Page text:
My guess is that the butterfly is moderately well established on clay lands between Cromer and Holt, or even as far east as Fakenham. I think North Norfolk is nicely Purple, I can't wait to return...

The Purple Emperor is, of course, Norfolk's premier butterfly...

Sunday, October 1, 2017

Road proposed through the Purple Empire

Dear fellow subjects of HIM,

A new dual carriageway passing through the Purple Empire has been proposed by Highways England. Action is required now. Please respond to the consultation by October 16th!
Sussex BC have information:

I have also prepared a leaflet:

Thank you all

Wednesday, September 20, 2017

Bilateral Gynandromorph

Equally rare, if not even more so than the elusive iole, a recently eclosed A.ilia bilateral gynandromorph. I thought I would share some pictures for you all to see and enjoy. A fantastic and interesting beast.

Some interesting and unexpected findings. Firstly looking at the pupal case, the male opening is clustered to one side (section IX), while the female genital opening is still contiguios through section VIII.

Although generally considered to be equally split down the middle, when looking close up at the business end of the actual specimen, we see that the male does actually have a complete pair of claspers, but both of these are clustered on one side of the abdomen and I fail to find any sign of a female opening.

Looking close up at the vestigial front brushes (which can be used to sex non-sexually dimorphic Nymphalidae species), it is excellent to see the presence of the extra tarsal segment (with claw) on the female side.

Thursday, September 7, 2017



Around mid-July there was some exciting news for Norfolk Naturalists with two sightings of Purple Emperor butterflies in Sheringham Park. These impressive butterflies have not been seen in Norfolk since they were resident in the early 1970s (apart from some recent infrequent sightings). Further to the Sheringham Park sightings a third sighting was made on Beeston Common, near Sheringham on 31st July. This site, which lies within a mile of the coast, is a mixture of habitats including heathland where the butterfly was seen.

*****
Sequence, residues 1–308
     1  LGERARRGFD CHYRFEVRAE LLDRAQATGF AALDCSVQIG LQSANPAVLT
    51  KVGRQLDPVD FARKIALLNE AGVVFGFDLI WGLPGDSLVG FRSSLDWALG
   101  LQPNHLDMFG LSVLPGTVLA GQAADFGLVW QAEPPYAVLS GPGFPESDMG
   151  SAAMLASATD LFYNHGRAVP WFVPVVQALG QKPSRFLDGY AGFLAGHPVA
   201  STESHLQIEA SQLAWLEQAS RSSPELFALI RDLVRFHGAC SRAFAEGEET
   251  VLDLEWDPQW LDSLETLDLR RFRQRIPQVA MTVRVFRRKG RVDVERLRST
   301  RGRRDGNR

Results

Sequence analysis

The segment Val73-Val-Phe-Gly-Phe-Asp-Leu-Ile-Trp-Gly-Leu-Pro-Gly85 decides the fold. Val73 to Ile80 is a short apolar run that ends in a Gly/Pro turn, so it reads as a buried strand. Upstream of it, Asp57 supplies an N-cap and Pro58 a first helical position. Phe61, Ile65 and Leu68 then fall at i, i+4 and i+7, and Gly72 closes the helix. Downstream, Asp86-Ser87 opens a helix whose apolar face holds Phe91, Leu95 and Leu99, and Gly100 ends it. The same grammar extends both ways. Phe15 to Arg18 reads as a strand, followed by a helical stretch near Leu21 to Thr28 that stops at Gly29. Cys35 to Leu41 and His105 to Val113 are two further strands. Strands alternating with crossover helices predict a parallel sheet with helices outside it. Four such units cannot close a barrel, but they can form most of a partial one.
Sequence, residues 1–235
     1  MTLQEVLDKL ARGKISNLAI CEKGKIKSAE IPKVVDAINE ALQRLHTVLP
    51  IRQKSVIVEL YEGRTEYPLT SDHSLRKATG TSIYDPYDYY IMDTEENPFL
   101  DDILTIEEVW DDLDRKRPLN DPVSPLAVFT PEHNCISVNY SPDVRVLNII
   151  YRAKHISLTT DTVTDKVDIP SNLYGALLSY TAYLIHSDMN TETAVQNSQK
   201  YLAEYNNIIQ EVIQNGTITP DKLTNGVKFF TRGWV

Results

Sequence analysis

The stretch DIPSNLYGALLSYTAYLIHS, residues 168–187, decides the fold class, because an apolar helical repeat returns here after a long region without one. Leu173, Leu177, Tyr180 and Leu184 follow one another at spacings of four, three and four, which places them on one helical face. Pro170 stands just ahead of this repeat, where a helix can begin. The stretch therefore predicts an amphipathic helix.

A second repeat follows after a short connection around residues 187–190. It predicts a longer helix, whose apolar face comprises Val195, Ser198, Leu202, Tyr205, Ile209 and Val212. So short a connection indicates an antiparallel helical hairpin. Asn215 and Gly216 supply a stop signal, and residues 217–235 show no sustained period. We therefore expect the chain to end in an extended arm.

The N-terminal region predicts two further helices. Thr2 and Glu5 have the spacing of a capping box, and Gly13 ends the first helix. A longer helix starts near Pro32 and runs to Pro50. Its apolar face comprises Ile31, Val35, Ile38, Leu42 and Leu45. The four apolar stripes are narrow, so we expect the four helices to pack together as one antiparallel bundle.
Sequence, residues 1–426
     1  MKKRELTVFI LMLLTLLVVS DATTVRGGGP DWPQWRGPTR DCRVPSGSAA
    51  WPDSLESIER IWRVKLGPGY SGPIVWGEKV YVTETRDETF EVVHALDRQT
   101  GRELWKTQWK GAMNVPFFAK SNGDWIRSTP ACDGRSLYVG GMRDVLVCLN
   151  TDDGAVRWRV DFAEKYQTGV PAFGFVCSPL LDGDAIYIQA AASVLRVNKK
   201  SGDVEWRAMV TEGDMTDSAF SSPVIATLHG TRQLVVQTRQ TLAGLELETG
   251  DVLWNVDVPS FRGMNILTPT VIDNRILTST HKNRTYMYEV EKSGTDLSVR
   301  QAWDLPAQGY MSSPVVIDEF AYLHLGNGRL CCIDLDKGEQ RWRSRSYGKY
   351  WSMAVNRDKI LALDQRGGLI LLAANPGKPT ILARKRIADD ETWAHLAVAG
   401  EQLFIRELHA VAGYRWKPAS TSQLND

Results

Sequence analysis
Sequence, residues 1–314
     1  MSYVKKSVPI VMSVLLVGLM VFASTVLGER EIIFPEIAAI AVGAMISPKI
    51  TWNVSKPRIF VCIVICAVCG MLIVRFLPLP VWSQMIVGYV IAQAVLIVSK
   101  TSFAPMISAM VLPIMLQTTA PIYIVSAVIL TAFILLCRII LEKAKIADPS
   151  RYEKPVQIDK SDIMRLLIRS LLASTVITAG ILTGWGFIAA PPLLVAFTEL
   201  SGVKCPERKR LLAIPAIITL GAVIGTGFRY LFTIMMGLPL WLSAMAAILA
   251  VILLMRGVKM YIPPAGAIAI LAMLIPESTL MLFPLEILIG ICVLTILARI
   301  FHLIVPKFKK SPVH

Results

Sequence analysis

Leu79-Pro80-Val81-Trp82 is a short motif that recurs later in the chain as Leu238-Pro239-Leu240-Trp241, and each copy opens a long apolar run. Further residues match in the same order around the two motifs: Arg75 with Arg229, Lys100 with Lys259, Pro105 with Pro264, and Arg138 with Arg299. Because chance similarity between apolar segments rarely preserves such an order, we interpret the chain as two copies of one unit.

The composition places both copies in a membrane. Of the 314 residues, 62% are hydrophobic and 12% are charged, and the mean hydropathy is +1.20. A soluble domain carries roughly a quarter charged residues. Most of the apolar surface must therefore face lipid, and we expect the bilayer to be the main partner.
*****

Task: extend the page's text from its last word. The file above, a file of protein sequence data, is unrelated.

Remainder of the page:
Your dedicated website for the Purple Emperor states in its introduction ‘This is not an insect you will stumble upon, unless you are blessed with extraordinary luck.’ I believe I was extremely lucky as I literally stumbled upon a Purple Emperor on the ground.

This was a female, not the impressive iridescent purple male. The butterfly was on a path less than two metres ahead of me imbibing mineral salts from the soil. This was my first ever sighting and as I had missed out on an earlier Butterfly Conservation excursion to Fermyn Wood in Northamptonshire I was particularly happy to have found one on my local patch. Apart from moving around slightly while still imbibing the butterfly remained with its wings closed for about 20 minutes. Then there were a few tentative movements of its wings before finally the butterfly spread its wings, revealing its ‘eye-spots’, before taking off and ascending to around 10 metres after which, it glided some eight metres down to around three metres before flying off strongly to the south-west (the direction in which Sheringham Park lies). This last act was a great thrill – such an impressive insect.

One theory is that the recent Norfolk sightings are casual migrants, individuals from re-introduced Suffolk colonies that have done well in the last 10 years rather than deliberate releases of captive-bred stock.  Hopefully enough of these large and beautiful butterflies will arrive and start their own colonies in Norfolk woodlands.